This graph depresses me. The Secretary’s op-ed yesterday was titled “Welcome to the Recovery,” yet he and his colleagues project an average of only 1.4% real GDP growth over a two-term Presidency.

The good news is that everyone (and I do mean everyone) is just making wild guesses about GDP growth and the unemployment rate beyond one year in the future. Nobody really has any clue what the economy will look like two, three, or six years from now.

Washington and the press corps gravitate to partisan fights like Bush v. Obama. The Secretary’s remarks today feed that tendency. I believe the claims of the Clinton team that their policies caused the strong economic growth are exaggerations, and some other time I will engage in that debate. For today what’s most important is that the Obama fiscal policies are vastly different than those of the Clinton Administration, and the Administration’s own estimates project economic results far worse than we saw in the 90s.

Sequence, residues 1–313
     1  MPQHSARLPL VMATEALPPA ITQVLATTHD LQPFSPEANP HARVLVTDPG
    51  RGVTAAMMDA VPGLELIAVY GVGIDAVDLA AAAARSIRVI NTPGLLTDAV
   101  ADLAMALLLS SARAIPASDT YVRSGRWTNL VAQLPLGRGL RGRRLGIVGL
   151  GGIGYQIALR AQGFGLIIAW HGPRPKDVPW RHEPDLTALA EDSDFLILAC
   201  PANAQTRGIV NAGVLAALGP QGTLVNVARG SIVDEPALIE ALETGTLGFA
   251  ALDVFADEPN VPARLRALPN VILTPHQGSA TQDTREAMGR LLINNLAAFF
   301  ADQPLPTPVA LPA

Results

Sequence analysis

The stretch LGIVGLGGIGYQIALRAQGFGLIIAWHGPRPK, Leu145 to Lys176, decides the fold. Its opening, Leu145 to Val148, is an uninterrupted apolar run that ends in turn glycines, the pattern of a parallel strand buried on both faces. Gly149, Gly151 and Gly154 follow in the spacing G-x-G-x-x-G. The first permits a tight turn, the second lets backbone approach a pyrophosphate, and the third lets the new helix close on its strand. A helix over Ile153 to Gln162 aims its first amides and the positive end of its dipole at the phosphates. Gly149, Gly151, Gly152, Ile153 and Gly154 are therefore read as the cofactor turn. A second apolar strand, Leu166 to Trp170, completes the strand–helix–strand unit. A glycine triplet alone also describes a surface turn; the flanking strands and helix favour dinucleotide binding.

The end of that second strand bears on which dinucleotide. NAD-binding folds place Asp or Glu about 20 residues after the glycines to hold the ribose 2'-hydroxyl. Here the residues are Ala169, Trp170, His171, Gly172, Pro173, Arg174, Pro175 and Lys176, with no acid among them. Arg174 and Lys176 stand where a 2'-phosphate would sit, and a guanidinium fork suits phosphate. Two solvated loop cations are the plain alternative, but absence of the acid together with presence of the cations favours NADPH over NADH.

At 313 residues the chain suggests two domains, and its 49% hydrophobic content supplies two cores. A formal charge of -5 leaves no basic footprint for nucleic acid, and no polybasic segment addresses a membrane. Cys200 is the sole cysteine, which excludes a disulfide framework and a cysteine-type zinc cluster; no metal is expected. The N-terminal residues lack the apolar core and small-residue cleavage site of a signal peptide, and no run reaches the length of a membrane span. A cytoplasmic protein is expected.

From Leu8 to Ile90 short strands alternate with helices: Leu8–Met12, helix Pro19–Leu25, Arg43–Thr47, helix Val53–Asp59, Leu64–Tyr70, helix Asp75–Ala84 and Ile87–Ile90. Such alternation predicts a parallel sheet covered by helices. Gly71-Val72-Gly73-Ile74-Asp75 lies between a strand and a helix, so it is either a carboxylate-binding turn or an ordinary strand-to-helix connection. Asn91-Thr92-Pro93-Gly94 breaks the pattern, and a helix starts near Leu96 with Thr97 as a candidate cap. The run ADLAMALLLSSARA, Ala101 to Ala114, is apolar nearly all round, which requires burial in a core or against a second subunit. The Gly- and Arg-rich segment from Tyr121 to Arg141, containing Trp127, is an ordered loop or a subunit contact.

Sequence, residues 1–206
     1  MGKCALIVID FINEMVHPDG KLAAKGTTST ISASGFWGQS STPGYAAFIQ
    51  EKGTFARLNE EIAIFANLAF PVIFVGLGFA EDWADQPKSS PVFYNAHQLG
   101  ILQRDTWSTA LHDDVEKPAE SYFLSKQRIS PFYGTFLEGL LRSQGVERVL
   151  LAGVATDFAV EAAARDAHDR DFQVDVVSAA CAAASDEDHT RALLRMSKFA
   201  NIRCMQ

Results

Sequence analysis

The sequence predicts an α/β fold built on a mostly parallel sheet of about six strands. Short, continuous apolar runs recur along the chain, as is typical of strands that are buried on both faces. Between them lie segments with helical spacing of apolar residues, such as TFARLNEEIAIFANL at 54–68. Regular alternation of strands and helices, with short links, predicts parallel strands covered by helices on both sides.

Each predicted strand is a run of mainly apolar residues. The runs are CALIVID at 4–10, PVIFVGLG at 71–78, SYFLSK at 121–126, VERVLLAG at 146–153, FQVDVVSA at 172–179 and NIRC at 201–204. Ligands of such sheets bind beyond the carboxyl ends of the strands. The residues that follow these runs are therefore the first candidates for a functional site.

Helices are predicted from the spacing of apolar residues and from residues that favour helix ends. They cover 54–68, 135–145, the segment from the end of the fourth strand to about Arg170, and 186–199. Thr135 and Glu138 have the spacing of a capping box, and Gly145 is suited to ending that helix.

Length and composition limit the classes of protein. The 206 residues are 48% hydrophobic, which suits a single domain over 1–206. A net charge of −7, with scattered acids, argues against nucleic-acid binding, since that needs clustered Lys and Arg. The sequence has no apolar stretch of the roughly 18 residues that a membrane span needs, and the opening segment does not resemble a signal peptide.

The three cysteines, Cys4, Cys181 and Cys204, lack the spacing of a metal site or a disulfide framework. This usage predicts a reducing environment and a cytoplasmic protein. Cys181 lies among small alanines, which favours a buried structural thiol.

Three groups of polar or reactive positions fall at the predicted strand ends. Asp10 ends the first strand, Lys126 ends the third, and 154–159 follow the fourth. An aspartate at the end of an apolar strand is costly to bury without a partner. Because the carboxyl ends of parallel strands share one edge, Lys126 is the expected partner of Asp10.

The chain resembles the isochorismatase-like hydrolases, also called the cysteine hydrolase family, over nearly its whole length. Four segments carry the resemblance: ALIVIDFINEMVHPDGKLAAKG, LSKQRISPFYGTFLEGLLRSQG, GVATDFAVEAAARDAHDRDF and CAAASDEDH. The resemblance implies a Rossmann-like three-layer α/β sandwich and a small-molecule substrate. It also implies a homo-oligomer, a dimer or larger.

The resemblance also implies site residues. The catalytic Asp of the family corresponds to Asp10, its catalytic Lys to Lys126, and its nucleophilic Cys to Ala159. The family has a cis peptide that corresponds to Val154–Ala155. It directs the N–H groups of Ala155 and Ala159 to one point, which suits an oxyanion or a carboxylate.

I agree with Secretary Geithner Secretary that we need to restore America to a pro-growth tax and fiscal policy. I just don’t think that government spending of 24% of GDP, budget deficits averaging 6% of GDP, and raising taxes on successful small business owners during a weak recovery are that policy.